home and at work and the increased likelihood of women to be poor,
at risk for violence and abuse, and raising children alone, also
plays a role in the development of depression.8
While many women report some history of premenstrual mood changes
and physical symptoms, an estimated 3 to 4 percent suffer severe
symptoms that significantly interfere with work and social
impairing form of premenstrual syndrome, also called Premenstrual
Dysphoric Disorder (PMDD), appears to be an abnormal response to
normal hormone changes.11 Researchers
are studying what makes some women susceptible to PMDD, including
differences in hormone sensitivity, history of other mood disorders,
and individual differences in the function of brain chemical
messenger systems. Antidepressant medications known to work via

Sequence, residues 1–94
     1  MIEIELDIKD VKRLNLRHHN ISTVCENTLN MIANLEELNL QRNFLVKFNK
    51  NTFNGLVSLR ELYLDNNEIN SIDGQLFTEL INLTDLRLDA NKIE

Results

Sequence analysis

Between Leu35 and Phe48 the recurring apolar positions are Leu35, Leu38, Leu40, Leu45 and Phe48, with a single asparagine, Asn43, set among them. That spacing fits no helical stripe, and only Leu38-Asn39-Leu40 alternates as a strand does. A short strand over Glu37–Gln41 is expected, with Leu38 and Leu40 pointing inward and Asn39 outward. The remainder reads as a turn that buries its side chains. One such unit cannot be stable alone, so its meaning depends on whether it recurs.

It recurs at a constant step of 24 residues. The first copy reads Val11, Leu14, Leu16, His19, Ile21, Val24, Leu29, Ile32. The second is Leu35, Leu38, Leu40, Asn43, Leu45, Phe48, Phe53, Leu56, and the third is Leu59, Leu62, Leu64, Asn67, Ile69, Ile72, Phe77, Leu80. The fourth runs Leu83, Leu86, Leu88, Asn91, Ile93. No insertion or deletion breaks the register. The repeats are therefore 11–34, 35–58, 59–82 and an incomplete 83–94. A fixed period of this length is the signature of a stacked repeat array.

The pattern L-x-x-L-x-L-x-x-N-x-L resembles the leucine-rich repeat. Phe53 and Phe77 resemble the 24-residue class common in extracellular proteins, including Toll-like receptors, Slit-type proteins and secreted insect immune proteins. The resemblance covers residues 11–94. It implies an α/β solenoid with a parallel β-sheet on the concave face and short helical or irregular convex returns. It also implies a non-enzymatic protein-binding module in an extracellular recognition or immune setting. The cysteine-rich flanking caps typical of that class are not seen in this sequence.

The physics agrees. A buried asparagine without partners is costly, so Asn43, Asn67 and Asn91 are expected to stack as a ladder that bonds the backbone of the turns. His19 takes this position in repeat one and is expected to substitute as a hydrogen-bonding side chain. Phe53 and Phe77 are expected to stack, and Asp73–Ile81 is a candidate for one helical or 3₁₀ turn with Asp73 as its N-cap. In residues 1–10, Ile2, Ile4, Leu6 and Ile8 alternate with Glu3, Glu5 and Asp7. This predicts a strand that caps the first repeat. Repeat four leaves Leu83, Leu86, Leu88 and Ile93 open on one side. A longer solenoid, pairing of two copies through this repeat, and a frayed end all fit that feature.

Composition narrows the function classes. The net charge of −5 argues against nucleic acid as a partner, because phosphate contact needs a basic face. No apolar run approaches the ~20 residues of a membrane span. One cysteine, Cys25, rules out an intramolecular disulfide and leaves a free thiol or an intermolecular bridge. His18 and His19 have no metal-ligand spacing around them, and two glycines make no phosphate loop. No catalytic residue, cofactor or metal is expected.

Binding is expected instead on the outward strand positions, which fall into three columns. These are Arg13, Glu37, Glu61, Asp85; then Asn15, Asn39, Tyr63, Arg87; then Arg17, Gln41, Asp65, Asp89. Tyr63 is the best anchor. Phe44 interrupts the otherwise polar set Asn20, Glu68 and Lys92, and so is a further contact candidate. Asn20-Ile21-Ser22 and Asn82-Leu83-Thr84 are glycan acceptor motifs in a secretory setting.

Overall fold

serotonin circuits are effective in relieving the premenstrual
with susceptibility to depression may be more vulnerable to the
mood-shifting effects of hormones.
Postpartum depression is a serious disorder where the hormonal
changes following childbirth combined with psychosocial stresses
such as sleep deprivation may disable some women with an apparent
underlying vulnerability. NIMH research is evaluating the use of
antidepressant medication and psychosocial interventions following
delivery to prevent postpartum depression in women with a history of
NIMH researchers recently found that women who suffer depression
as they enter the early stages of menopause (perimenopause)
may find estrogen to be an alternative to traditional
antidepressants. The efficacy of the female hormone was comparable
to that usually reported with antidepressants in the first
controlled study of its direct effects on mood in perimenopausal
women meeting standardized criteria for depression.14
Anxiety disorders, which include panic disorder,
obsessive-compulsive disorder (OCD), post-traumatic stress disorder
(PTSD), phobias, and generalized anxiety disorder, affect an